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Reading Walter Schmidt's guide .pdf of 2008/1/23 related to Math Time Professional II fonts with LaTeX, alias mtpro2, I have viewed the site of the very good user and young colleague Tobi to which I give my heartfelt congratulations for your skill that he have acquired after that I have visited your profile.

I liked the fonts used especially the k indicated in the following link: https://tobiw.de/en/gallery#oscillations-and-waves&gid=3&pid=6

enter image description here

where I have made a small screenshot. It seems that the character is written with a fountain pen. Excellent. I had a old file .tex with another similar k:

\documentclass[12pt]{article}

% Taking k from fouriernc font
\DeclareFontEncoding{FML}{}{}
\DeclareFontSubstitution{FML}{fncmi}{m}{it}
\DeclareSymbolFont{fourierletters}{FML}{fncmi}{m}{it}
\SetSymbolFont{fourierletters}{bold}{FML}{fncmi}{b}{it}
%
\DeclareMathSymbol{k}{\mathalpha}{fourierletters}{`k}
\makeatletter
\DeclareMathSymbol{\mst@k}{\mathalpha}{fourierletters}{`k}
\makeatother

\begin{document}
$k$
\end{document}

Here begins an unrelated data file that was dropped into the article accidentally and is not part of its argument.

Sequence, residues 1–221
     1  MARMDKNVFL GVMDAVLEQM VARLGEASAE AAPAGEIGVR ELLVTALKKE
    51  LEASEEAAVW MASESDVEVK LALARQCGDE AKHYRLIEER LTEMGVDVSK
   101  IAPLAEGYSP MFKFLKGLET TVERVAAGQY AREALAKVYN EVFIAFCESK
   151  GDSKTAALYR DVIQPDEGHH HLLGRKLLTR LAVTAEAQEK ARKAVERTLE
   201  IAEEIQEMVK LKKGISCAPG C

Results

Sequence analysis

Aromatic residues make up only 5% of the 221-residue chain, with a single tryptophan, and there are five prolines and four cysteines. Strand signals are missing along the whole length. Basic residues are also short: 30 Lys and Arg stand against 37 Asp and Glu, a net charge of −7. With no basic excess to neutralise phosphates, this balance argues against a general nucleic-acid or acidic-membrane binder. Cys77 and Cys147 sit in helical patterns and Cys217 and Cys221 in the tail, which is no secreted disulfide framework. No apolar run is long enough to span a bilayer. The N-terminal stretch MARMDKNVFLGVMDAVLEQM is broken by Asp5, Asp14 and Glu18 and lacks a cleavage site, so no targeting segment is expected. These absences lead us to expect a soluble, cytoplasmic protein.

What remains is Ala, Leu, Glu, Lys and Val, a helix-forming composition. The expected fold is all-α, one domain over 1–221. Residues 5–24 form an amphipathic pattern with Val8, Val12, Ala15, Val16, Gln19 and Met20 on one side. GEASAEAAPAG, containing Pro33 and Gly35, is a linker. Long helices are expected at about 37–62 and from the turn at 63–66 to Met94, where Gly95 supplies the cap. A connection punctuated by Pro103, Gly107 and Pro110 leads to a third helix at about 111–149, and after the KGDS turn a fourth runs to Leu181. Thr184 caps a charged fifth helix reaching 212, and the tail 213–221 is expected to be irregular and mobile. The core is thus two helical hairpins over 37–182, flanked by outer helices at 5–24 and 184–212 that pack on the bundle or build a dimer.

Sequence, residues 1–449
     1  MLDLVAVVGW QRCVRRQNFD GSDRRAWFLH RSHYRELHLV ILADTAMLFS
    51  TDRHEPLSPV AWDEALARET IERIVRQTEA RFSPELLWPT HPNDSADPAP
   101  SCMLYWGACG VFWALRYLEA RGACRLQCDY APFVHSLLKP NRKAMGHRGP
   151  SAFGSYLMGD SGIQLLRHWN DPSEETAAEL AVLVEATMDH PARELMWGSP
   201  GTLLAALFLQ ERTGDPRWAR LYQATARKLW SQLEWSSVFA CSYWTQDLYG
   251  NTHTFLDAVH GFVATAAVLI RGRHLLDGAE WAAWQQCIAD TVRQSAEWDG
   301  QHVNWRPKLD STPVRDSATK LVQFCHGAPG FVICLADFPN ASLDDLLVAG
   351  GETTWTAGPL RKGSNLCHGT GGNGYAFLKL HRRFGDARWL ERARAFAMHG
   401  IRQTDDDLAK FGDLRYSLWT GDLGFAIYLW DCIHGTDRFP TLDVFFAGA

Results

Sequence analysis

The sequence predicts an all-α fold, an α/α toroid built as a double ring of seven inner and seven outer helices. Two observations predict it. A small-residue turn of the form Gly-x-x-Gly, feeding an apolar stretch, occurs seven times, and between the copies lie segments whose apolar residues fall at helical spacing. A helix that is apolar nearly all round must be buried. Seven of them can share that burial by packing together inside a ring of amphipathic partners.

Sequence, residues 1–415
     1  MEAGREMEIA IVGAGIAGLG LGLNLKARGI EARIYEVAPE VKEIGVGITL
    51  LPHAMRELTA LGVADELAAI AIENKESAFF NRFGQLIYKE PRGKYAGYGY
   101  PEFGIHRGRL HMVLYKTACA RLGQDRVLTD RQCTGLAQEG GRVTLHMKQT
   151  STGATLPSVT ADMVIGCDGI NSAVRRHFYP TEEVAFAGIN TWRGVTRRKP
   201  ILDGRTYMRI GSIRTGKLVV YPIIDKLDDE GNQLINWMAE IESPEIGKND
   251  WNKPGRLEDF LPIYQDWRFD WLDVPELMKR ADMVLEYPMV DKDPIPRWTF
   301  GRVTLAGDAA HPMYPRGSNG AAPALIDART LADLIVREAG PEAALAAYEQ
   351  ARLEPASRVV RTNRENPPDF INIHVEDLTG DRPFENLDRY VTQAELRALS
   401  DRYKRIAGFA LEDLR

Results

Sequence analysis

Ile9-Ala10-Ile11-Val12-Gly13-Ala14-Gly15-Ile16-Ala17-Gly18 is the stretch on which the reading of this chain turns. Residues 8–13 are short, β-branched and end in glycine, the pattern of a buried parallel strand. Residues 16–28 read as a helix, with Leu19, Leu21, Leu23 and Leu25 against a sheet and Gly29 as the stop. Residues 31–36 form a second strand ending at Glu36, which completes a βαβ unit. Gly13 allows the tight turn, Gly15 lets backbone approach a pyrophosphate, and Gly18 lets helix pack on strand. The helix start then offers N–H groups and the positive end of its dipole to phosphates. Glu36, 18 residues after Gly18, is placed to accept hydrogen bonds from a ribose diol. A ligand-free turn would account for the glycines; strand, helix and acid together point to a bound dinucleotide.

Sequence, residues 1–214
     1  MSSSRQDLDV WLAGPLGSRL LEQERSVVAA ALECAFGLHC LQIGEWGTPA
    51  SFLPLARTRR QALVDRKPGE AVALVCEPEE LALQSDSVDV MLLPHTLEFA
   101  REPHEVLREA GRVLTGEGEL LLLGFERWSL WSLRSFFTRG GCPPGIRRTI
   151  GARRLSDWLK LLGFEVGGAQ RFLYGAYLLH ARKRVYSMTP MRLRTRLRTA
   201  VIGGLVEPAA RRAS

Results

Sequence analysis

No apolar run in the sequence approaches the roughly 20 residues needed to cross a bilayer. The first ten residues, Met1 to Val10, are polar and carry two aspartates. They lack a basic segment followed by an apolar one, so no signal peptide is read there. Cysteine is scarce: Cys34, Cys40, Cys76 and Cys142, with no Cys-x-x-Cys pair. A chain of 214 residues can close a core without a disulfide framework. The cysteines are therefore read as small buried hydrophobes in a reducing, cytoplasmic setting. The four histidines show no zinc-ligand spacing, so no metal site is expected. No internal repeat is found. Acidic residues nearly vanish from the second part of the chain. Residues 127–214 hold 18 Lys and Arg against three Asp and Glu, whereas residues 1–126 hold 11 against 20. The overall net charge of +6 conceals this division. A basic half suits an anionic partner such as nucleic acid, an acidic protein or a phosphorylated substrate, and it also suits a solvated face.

with output:

enter image description here

Is there a way to have a similar k that fits better itself with Times New Roman (newtxtext) but does not compromise my long code structure?

Thank you very much to all for your collaboration.

ADDENDUM: In the opinion of the experts at the graphics site, https://graphicdesign.stackexchange.com/questions/127153/technical-name-of-a-particular-fountain-pen-font the font could be Adobe® Garamond Pro Italic:

enter image description here

At this point is it possible to modify my MWE (with the same technique) to have a similar k, with a free LaTeX font that compiles with pdflatex?

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You could take the k from EBGaramond (or its math companion to be precise). Minimal document showing that only $k$ is affected so you should be able to combine this with whatever other font-setup you have:

\documentclass{article}

\DeclareSymbolFont{ebgletters}{OML}{EBGaramond-Maths}{m}{it}
\DeclareMathSymbol{k}{\mathalpha}{ebgletters}{`k}

\begin{document}
k\textit{k} $k = x + 1$
\end{document}

Result:

enter image description here

  • Great and wonderful !!!!!!!!!!!! When I write on the blackboard I often use the English k. But I'm also getting used to the Italian k :-) "Grazie di cuoreeeeee". – Sebastiano Jul 30 at 14:35

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